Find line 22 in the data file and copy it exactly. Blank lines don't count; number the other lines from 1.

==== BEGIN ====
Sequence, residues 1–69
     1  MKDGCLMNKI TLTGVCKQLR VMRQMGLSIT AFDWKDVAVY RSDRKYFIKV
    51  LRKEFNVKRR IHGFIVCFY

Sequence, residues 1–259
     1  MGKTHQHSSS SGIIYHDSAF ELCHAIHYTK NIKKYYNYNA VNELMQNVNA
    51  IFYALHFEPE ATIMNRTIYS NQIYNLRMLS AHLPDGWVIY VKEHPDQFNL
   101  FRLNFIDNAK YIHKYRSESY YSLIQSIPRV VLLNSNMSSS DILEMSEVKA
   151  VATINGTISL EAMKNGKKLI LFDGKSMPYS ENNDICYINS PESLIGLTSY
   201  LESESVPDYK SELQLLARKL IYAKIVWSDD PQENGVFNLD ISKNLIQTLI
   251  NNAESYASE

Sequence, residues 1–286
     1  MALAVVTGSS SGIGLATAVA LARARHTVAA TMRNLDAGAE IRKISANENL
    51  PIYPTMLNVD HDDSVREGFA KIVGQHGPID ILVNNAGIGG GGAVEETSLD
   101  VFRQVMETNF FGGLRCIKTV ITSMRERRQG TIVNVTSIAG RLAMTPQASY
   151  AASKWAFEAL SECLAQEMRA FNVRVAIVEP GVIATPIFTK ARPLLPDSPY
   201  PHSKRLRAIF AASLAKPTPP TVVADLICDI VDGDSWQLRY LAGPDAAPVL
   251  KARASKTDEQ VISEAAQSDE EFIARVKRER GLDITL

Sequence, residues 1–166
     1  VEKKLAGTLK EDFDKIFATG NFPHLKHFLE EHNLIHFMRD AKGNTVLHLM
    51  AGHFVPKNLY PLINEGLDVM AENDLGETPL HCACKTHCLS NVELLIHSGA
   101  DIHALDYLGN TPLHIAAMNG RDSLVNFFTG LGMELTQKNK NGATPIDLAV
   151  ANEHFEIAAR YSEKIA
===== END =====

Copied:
   151  ANEHFEIAAR YSEKIA